I’m specifically talking about their metal hobbyist lathes. I’ve heard recommendations for both, but that’s about it – has anyone used their lathes/hobbyist lathes? If so how has it performed?
Or do you know something about the lathes that’s not written on their website?
It depends on which models you are considering. Both Grizzly and Enco import the lathes that bear their name, neither company actually does their own manufacturing. Depending on the particular model and the purchasing cycle, most of their import lathes come from either Taiwan or China. So you really need try to find out what sources they use, their reputations, and product track records. In some cases, the two companies offer virtually the same lathe - they both use the same manufacturer and the only differences are the label and paint that are applied at the factory. In other cases, there are dramatic differences in very similar appearing machines.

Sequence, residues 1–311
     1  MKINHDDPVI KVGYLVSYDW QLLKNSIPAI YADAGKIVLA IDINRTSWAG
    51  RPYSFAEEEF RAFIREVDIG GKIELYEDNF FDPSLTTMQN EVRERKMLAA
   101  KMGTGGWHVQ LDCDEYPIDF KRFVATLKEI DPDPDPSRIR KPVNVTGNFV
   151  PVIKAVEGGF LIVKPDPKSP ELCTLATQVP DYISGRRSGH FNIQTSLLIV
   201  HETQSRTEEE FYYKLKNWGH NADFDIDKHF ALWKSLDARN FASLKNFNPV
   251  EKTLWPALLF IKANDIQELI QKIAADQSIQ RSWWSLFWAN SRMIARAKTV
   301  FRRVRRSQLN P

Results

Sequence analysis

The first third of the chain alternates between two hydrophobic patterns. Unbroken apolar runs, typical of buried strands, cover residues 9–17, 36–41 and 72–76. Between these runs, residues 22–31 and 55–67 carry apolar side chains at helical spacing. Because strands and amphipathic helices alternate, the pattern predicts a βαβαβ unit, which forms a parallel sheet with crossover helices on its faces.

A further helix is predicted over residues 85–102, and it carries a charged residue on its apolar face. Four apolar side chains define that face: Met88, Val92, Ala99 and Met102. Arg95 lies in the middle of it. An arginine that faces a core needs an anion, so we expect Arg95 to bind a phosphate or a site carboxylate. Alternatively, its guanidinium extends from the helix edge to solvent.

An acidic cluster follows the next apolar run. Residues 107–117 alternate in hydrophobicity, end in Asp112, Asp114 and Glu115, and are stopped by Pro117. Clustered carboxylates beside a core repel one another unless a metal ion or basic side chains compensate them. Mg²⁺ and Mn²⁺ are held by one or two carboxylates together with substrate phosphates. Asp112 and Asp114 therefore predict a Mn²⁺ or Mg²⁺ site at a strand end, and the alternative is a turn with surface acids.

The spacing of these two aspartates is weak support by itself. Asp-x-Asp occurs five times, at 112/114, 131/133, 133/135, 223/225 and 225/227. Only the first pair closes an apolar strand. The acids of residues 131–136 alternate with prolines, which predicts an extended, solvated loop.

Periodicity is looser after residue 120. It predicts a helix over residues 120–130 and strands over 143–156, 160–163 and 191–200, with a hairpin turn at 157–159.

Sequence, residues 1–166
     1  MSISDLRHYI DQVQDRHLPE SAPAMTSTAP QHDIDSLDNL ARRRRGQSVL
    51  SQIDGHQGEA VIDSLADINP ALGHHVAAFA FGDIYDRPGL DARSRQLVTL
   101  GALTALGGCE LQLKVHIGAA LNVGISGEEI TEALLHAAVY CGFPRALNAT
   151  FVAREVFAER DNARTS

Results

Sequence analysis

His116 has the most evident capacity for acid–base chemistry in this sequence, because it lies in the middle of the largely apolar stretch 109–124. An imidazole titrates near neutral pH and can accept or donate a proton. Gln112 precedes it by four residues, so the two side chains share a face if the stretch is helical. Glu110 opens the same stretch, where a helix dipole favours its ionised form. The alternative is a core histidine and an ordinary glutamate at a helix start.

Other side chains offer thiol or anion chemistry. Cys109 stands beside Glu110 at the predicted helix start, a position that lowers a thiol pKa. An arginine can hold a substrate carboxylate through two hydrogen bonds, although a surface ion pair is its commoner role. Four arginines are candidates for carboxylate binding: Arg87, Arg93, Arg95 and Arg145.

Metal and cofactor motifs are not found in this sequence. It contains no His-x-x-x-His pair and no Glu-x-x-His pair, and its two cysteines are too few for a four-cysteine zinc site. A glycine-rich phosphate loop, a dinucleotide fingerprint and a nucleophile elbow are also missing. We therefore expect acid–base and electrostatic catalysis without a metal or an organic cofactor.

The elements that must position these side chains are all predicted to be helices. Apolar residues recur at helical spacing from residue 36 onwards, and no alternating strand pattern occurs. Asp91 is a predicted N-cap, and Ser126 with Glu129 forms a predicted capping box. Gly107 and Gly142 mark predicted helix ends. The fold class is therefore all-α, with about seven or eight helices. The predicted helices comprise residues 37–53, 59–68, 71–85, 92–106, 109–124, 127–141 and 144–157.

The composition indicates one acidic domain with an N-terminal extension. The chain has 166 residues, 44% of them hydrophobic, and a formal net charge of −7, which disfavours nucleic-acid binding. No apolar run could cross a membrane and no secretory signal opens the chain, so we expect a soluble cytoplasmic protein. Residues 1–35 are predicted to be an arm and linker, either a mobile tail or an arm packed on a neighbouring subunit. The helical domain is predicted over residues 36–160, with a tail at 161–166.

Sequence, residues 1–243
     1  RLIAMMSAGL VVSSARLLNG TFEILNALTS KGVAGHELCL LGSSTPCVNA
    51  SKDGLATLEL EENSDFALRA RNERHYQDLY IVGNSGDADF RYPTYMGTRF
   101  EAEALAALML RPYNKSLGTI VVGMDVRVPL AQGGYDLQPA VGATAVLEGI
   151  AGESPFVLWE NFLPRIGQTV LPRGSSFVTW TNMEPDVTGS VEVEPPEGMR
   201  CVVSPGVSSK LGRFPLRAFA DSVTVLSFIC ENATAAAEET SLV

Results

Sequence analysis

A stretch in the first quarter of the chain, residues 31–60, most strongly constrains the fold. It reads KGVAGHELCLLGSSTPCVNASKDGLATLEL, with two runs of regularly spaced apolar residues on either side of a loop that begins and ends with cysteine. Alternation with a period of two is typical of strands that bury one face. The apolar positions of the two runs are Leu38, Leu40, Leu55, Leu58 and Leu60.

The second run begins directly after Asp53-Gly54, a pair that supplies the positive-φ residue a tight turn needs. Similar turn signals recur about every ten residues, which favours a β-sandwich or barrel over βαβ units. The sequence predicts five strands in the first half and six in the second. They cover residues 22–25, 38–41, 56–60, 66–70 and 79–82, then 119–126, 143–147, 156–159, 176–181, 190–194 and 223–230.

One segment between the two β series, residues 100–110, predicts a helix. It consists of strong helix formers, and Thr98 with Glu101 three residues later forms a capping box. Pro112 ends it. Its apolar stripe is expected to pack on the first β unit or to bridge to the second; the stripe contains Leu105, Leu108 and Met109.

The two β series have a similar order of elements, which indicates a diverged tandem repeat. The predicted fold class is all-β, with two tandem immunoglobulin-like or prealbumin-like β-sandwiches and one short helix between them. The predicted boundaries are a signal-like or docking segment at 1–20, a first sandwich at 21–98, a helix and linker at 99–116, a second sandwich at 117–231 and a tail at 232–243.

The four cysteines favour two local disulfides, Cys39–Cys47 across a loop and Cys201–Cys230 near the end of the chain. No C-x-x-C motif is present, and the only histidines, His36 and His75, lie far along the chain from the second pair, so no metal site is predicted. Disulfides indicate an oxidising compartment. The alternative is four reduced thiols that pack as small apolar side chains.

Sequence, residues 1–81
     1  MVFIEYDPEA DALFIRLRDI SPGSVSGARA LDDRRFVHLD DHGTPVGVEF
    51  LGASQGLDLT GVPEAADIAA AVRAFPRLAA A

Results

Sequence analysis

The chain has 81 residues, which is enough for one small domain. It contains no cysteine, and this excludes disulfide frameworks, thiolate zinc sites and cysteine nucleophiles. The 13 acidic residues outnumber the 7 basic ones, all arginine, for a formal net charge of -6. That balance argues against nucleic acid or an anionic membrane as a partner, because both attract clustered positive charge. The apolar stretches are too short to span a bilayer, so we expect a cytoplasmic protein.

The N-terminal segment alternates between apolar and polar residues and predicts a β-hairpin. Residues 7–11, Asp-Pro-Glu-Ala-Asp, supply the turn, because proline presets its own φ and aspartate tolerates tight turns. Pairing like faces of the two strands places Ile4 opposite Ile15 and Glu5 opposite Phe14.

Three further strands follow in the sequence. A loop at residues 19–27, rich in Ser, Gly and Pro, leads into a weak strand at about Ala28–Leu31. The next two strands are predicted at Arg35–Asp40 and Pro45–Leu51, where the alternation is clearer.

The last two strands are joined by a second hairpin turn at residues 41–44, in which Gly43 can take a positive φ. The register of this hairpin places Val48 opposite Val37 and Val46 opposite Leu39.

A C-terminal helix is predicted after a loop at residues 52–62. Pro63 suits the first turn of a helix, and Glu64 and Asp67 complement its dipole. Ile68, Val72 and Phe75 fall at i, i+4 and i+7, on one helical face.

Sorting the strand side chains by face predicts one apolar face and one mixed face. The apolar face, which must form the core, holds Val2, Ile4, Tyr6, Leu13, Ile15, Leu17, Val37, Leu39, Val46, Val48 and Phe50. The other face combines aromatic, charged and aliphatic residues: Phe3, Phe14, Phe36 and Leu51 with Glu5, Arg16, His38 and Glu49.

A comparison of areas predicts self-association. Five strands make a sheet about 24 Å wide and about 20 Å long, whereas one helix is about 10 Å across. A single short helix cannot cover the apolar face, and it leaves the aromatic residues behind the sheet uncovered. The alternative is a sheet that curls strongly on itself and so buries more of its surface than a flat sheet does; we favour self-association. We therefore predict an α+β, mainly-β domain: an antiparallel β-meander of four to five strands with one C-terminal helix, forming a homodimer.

I looked into both options (as well as other sources: MSC, McMaster-Carr, Jet, Blue Ridge Machinery, etc.) back when I was buying my lathe. I ended up choosing the Enco model 110-2038 12x36" gap bed lathe. Enco and Grizzly offered very similar lathes of the size and price range I was looking for. Howver, the choice was finally determined by several user reports I read about problems with the particular Grizzly model under consideration. The Chinese source that they were using at the time had a lot of problems with voids in the castings, casting sand embedded in the finish, and twisted bed castings. These problems were pervasive with all the models Grizzly had obtained from that source, and that (combined with what I perceived to be a better customer support program from Enco) sort of soured me on using Grizzly. I don’t know if they are still using the same source, but I would suggest that you check for user reports and evaluations of the model you are considering before purchasing to see if there are still similar problems. There are several good forums worth checking, such as the Yahoo Metal Lathe group and the Machinist Workshop BBS.
That said, a general rule of thumb is get the largest lathe that you can afford and that can fit in your shop. If you can handle a 3-phase system, it is preferable to a single-phase set up (more torque from the motor, and less start-up surge). And finally, remember that the lathe is only the beginning of the purchase. Expect to spend a very significant amount on the tooling that you will need - this can frequently add up to as much as you spent on the lathe itself.